4 ways your leaders can build your brand

first_imgSpotting an exceptional brand is easy. (Think Apple, GE, Zappos and Nike.) But building an exceptional brand can be one of the most overwhelming and elusive challenges organizations face, according to author and consultant Denise Lee Yohn—who will keynote at CEO/Executive Team Network in October in Las Vegas. Successfully building a brand takes leadership from the top. Here are four key steps you and your leadership team can take: Understand the importance and impact of a brand. Make sure your team gets the idea that a strong and differentiating brand is a crucial element to organizational success.Know your target audience. Define who want to serve and what those members and potential members want and need. Communicate this information to your entire team.Believe in process-driven action. Good leaders for strengthening brands see road maps, strategic planning and data-based decision-making as the pathways to a strong credit union and brand. Have passion for what you do. Employees who want to live a company’s brand look to leaders for motivation and guidance in doing so. If top leadership doesn’t endorse the brand and live it every day, staff members will be hard pressed to deliver it to members.I have a lot of background with brands, having worked on Procter & Gamble’s Downy, Kraft’s Ritz and Kellogg’s Special K. As COO at CUES, a brand refresh was among my chief undertakings. Today, as CEO, I’m focused on living CUES’ brand of helping credit union leaders learn and grow so they reach their fullest potential.For me, living our brand includes continuous learning. Look for me in the audience at CEO/Executive Team Network in October, listening to Yohn present “Brand Leadership: How to Build a Rock Star Brand.” I’ll be saving you a seat. 80SHARESShareShareSharePrintMailGooglePinterestDiggRedditStumbleuponDeliciousBufferTumblr,John Pembroke Since joining CUES in March 2013, John Pembroke has played a leadership role in developing and launching a new direction in CUES’ strategy, branding and culture. Under his guidance, CUES … Web: www.cues.org Detailslast_img read more

Pitching, small ball propel GSA baseball team past Mattanawcook in opener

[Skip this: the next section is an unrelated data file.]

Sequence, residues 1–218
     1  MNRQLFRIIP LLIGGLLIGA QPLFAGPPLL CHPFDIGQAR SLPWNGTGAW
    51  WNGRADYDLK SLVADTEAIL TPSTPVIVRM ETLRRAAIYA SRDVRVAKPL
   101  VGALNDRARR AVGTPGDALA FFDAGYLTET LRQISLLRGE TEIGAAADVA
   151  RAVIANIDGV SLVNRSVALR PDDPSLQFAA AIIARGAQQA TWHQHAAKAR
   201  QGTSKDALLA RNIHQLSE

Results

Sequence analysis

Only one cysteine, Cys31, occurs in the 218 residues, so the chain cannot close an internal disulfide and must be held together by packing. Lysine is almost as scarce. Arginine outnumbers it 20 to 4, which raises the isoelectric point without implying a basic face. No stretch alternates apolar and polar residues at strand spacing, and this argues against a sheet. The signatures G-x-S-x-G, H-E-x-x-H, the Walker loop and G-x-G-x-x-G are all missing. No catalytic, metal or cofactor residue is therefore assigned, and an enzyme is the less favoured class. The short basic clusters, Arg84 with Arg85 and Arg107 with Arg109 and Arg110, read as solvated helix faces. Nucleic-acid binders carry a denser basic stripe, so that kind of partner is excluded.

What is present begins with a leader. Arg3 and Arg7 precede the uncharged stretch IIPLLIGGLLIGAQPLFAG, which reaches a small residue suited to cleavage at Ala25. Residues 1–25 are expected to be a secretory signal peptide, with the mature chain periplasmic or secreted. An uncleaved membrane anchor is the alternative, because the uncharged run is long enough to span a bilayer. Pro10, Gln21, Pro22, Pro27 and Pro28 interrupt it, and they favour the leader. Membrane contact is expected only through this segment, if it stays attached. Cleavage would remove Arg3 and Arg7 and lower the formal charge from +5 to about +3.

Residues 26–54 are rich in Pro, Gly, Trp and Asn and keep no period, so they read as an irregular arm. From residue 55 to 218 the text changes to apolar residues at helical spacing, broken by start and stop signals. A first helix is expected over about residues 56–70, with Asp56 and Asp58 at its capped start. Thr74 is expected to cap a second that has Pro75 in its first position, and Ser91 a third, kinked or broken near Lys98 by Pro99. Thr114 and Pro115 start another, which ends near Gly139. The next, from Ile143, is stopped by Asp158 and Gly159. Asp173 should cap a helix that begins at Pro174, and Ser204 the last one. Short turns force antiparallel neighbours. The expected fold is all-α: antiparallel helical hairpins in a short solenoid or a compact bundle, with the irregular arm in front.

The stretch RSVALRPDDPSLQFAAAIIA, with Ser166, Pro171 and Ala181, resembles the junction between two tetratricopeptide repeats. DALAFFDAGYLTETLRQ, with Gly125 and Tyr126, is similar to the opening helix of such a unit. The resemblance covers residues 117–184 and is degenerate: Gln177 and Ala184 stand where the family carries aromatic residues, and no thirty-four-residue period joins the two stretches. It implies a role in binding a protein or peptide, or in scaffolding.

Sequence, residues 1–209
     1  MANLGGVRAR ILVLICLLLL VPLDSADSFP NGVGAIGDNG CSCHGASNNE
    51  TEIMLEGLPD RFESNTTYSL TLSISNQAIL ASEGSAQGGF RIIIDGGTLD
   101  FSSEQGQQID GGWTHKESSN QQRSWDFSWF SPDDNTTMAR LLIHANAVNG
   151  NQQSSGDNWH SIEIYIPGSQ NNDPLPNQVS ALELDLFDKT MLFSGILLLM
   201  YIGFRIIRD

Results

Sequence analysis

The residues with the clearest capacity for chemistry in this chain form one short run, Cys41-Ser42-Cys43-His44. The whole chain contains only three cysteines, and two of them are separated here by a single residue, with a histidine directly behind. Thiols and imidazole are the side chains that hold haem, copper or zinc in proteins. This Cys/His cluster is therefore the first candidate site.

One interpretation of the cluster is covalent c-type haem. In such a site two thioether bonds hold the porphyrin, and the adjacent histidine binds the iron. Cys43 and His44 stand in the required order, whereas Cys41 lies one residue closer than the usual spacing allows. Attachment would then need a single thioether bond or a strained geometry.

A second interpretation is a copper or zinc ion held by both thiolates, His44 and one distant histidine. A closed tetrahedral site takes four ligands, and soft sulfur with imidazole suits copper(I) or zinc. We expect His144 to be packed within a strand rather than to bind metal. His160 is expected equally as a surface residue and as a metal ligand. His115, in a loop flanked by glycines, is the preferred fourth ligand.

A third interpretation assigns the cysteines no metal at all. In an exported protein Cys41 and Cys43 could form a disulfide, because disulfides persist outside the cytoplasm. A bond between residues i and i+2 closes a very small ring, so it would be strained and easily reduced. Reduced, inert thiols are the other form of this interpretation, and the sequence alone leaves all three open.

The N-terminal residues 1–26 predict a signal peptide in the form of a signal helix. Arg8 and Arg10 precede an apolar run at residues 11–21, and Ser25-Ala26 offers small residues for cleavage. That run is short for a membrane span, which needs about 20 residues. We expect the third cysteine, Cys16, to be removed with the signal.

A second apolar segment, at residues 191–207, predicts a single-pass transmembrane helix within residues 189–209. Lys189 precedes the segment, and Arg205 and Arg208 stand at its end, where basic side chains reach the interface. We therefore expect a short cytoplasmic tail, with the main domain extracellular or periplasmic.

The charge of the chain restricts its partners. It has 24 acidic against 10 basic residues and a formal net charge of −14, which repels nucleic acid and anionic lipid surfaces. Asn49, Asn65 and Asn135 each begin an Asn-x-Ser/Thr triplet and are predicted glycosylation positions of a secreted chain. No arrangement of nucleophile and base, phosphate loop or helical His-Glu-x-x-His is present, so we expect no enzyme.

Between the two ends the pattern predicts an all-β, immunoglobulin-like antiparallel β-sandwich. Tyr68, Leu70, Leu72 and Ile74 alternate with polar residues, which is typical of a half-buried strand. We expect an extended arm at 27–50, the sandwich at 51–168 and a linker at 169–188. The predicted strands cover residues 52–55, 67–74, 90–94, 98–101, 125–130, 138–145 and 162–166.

first_imgBLUE HILL — Chances to play baseball have been limited throughout a very wet season in Maine thus far. For George Stevens Academy, spring has taken a particularly heavy toll.Twice last week, GSA saw its scheduled opening game postponed as a result of poor field conditions. Those rainouts came after the Eagles had their entire preseason slate canceled as a spree of snow dustings and rainy afternoons kept the team off the diamond.Yet on Monday, the opportunity came for head coach Dan Kane’s team to take the field. GSA responded with a vintage small-ball performance to begin the season with a 4-0 home win over Mattanawcook Academy.“For our first game of the season, I have to say I’m very pleased with this team,” Kane said. “This is only the second time I can remember that we didn’t play a preseason game, but luckily, we have a lot of veterans with a lot of baseball under their belts. I knew they could be reasonably comfortable out here.”GSA’s Caden Mattson swings at a pitch during the fifth inning of a high school baseball against Mattanawcook on April 22 in Blue Hill. Mattson had two base hits (both singles), two stolen bases and two runs scored for the Eagles. ELLSWORTH AMERICAN PHOTO BY MIKE MANDELLThis is placeholder textThis is placeholder textPitcher Austin Snow gave GSA (1-0) a solid start to the game in the top of the first inning when he retired the side with two strikeouts and a flyout to center field. After Caden Mattson reached base on an infield single to start the bottom of the inning, the junior stole second and reached third on a passed ball before scoring on a single to center.Mattanawcook (0-1) threatened in the top of the second when it loaded the bases with just one out, but Snow pitched his way out of the jam when he struck out back-to-back batters to retire the side. GSA then delivered another small-ball display in the second with a walk and stolen base before Ben Parker’s single gave the Eagles a 2-0 lead.In the middle innings, Snow hit his stride on the mound. Mattanawcook mustered only one hit in the third, fourth and fifth frames, during which the GSA starter struck out five batters and, at one point, threw 16 consecutive strikes.“We have five or six options in terms of pitchers, but one reason I went with Austin in this game is because he throws a lot of strikes,” Kane said. “In these early games, it’s especially important not to walk the other team. You want to make them earn everything.”Mattson followed his second single of the game in the fifth inning with a stolen base before advancing to third on a fielder’s choice and scoring on a sacrifice fly from Snow. After Snow left the game in the top of the sixth, Owen Vinall and Garrett Parker finished the job on the mound as Vanessa Sherwood scored the game’s final run in the sixth after entering as a pinch-runner.Snow finished with nine strikeouts in 5 1/3 innings. At the plate, Mattson and Tanner Ashley had two hits apiece for GSA, which had six as a team. The teams committed two errors apiece in the field.GSA’s Garrett Parker pitches during the seventh inning of a high school baseball game against Mattanawcook on April 22 in Blue Hill. Parker closed out the game for the Eagles with two strikeouts in the final frame. ELLSWORTH AMERICAN PHOTO BY MIKE MANDELLMattson’s stolen bases provided the framework for two of the Eagles’ runs. In both instances, the junior took second base before advancing to third and heading home — an early response to a goal Kane asked him to set for himself during the preseason.“Coach challenged me at the beginning of the season to steal 30 bases this year,” Mattson said. “I wanted to come right out the gate and do that today. It put us in good position to get some runs.”Despite not having an opportunity to play games last week, GSA was at least able to get outside for a few practices. There was mud all along the passage to the ball fields and rain in the forecast for the late evening, but for a three-hour window, at least, conditions were just right for baseball.“It’s been pretty tough to have to wait it out, but the few days outside really helped,” Mattson said. “For not being able to play any games before this at all, I think we played pretty well.”GSA is scheduled to play on the road against Orono (0-1) at 4:30 p.m. Wednesday, April 24, though Kane said the game could be moved to Blue Hill if the fields at Orono High School aren’t ready for play. The May 13 game between the Eagles and Red Riots would then be moved to Orono.“If we can build off this, I think we’ll be in good shape,” Mattson said. “The biggest thing was getting that first game out of the way, and now that we’ve done that, we know what we need to work on and how to get better from here.” Latest Posts Bio Mike MandellMike Mandell is the sports editor at The Ellsworth American and Mount Desert Islander. He began working for The American in August 2016. You can reach him via email at [email protected] Hospice volunteers help families navigate grief and find hope – September 12, 2020center_img Latest posts by Mike Mandell (see all) Ellsworth runners compete in virtual Boston Marathon – September 16, 2020 MPA approves golf, XC, field hockey, soccer; football, volleyball moved to spring – September 10, 2020last_img read more